What I took away from the show wasn’t the authenticity or homespun wisdom, but her natural ease on stage. With her friends and family in the audience, McKenna came off Loretta Lynn-esque – a hard working country gal doing what she loves on a Saturday night. More than a gig, it was a showcase for her wit and charm. Her looseness was quite surprising. After listening to her music I expected McKenna to be serious and almost brooding, yet she was very funny; almost like a very toned down version of Wynonna and Naomi Judd in their early days. McKenna sings about being a witness to your life, yet I felt like I was a witness to a bygone era in music. Nothing about her performance felt rehearsed or forced. Even if she’s been telling the same stories on stage every night, they felt as fresh as if she’d never told them before. McKenna is a treasure and should be treated as such.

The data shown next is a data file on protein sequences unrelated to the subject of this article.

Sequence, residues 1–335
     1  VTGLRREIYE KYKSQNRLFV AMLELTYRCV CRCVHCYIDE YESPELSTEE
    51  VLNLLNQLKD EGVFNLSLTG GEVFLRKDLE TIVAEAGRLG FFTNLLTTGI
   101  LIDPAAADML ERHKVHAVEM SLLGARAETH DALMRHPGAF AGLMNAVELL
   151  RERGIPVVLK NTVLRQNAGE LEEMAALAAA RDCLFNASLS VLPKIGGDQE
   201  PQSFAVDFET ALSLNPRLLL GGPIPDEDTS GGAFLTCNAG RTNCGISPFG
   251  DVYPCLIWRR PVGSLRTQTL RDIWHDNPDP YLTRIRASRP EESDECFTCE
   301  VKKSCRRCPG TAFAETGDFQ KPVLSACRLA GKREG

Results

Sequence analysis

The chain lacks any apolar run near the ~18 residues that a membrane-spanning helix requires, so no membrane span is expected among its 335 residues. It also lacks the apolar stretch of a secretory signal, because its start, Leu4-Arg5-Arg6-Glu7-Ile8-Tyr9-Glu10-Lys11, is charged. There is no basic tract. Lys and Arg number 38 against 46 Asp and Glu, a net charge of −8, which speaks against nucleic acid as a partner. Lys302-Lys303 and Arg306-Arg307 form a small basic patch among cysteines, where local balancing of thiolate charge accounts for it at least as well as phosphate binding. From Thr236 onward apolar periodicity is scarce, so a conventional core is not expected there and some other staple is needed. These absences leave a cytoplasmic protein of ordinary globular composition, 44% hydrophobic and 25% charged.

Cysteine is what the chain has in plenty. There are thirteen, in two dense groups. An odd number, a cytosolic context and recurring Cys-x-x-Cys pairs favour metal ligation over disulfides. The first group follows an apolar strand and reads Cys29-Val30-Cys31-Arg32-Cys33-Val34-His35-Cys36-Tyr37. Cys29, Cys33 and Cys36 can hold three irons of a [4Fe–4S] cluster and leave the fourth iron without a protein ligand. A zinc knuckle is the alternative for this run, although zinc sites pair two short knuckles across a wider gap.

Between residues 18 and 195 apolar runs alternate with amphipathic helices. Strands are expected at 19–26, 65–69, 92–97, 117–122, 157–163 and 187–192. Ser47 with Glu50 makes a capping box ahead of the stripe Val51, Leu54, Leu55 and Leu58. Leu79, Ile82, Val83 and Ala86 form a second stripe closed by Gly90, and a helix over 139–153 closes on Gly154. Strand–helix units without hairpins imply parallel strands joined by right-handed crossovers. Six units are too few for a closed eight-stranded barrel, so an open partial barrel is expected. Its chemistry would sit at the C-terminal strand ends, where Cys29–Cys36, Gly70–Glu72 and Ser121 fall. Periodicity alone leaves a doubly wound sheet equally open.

The same, unfortunately, cannot be said about her opening act, Matt Chase, a singer/songwriter based in Boston. While he put in a solid performance, he overstayed his welcome by four songs and let his set get overrun with sameness. Let it be a lesson, and McKenna struggles with this herself from time to time, but singing every song in the same tempo with identical mellow and ease, doesn’t help you form an identity. While he has a distinct tone to his voice, it was all too mellow to make much of an impression. He did have one memorable moment towards the end of his set, though, when he sang a song about divorce entitled “Back My Name.” A country/rocker, I could see Vince Gill recording the tune and working his magic on it.